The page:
Keeping Your Firm Competitive
CO-CREATE | CO-DEVELOP | DELIVER
- Publications & Articles
- News & Alerts
Keeping Your Firm Competitive
By Karen Love
As you are looking for ways to gain and keep your firm’s competitive advantage, be strategic and get everyone in the practice rowing in the same direction.
To differentiate your firm in a marketplace of any size, start by asking two questions: “What do we do better than our competitors?” and “Who needs to know about us?” Then intentionally put yourself and key members of your practice in situations that align the two.
Match expertise to local needs
For example, maybe you have built a reputation for helping small companies grow. So you would want to seek out the events and activities that draw small business owners. If this kind of forum doesn’t exist in your market, create it. Host small business educational seminars or partner with a local college to offer workshops. This allows your company to set itself apart in a way that is consistent with your strengths. It lets your partners and employees interact with prospective clients in a non-selling environment.
At PKF Texas, we have special expertise in serving high-tech startups. So we partner with Rice University as the official scoring firm for its international business plan competition. (Think of it as the Academy Awards for entrepreneurs.) The result? We get prominent positioning as the scoring team. We meet contest entrants and watch their business plan presentations. We work side by side with prominent CEOs, venture capitalists and other leaders. Our partners are at the podium when the winners are announced. This allows us to build our center of influence in a way our competitors can’t touch. And when the entrepreneurs launch their businesses and need an accounting firm, they already know us.
Engage and develop young leaders
Another way to gain competitive advantage is to truly engage your younger employees. Encourage them to use their energy and their contacts to participate in projects beyond their cubicles. Work with them to find community organizations and professional associations in the local marketplace that will allow them to try out some new skills, and have fun at the same time. This puts a fresh face on your practice in front of new audiences, builds your firm’s reputation as a good place to work, and can even help you retain the best and brightest in your firm.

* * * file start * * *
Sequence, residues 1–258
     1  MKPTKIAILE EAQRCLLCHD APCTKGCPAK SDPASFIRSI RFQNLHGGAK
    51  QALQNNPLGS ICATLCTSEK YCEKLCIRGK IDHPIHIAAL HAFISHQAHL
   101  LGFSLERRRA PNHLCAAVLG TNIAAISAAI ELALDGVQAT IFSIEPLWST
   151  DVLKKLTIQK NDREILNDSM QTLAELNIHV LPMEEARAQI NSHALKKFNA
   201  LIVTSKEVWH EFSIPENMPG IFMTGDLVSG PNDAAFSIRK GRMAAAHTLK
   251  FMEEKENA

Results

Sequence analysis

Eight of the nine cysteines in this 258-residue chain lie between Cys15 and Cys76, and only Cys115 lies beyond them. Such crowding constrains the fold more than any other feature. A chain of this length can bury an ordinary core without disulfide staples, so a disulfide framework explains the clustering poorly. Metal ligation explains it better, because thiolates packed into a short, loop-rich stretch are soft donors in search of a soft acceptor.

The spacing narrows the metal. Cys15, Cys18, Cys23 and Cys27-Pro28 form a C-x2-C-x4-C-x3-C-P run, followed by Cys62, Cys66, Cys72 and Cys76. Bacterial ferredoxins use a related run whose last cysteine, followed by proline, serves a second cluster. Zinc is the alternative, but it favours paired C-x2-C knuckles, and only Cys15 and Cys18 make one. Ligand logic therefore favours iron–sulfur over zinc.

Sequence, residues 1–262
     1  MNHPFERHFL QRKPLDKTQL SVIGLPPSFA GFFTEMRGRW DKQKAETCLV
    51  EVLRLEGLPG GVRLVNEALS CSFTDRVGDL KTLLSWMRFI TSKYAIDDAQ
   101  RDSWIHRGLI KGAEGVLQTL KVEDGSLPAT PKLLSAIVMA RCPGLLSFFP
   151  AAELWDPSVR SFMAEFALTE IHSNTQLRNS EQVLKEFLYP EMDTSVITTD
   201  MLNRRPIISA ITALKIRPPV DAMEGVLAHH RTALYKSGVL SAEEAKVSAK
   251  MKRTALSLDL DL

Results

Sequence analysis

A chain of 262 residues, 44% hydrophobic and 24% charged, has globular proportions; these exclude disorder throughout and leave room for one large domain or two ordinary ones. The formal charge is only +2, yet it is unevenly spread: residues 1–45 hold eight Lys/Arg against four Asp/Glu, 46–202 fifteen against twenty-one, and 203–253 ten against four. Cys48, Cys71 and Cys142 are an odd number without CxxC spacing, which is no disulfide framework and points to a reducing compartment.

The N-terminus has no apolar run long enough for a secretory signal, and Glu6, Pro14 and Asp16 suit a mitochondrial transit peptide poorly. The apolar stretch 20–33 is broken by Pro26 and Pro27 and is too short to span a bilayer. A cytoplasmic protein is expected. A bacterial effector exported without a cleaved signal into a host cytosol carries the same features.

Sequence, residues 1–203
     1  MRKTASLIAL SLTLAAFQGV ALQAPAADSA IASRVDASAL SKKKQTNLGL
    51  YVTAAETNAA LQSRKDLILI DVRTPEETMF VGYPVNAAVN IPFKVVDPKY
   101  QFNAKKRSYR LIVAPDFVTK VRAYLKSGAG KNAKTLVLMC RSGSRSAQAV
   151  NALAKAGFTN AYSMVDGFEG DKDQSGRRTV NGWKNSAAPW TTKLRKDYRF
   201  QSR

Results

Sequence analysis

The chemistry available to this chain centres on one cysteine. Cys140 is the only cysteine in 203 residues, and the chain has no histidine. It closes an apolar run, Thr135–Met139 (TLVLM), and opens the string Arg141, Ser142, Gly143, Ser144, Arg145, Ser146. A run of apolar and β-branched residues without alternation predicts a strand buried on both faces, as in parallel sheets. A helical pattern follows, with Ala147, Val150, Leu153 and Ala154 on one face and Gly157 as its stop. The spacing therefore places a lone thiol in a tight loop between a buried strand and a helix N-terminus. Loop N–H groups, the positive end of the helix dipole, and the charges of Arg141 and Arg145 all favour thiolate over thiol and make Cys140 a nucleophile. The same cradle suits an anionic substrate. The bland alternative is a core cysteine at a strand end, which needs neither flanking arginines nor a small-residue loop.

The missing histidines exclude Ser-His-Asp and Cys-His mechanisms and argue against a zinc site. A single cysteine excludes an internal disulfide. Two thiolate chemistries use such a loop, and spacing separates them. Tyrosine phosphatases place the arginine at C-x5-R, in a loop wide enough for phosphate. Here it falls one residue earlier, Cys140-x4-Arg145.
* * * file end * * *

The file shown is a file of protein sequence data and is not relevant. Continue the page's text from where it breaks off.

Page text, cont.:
The young professionals at PKF Texas have shown us how this can work. When they noticed that few young adults were engaged in the region’s largest economic development organization, they were instrumental in launching a subset group for 21- to 40-year old professionals, and now serve on its steering committee. Our firm gets a high degree of visibility as a founding sponsor. Through their active leadership, our employees have built relationships and landed new clients.
Focus on helpful relationships, not selling
Competitive advantage happens when you are intentional about building beneficial relationships. Be strategic about it. Allocate budget for it. Include it in job goals. Find the niches where you’re needed. Then position your partners and employees in roles where they can help people and groups connect with resources. The image your firm projects will attract clients who won’t need to be “sold,” because they already understand the unique value you can provide.
Karen Love is director of practice growth for PKF Texas in Houston, Texas. She is co-author, with Raissa Evans, of a chapter on Community Engagement for AICPA’s “Bull's-Eye! The Ultimate How-To Marketing & Sales Guide for CPAs” (2010)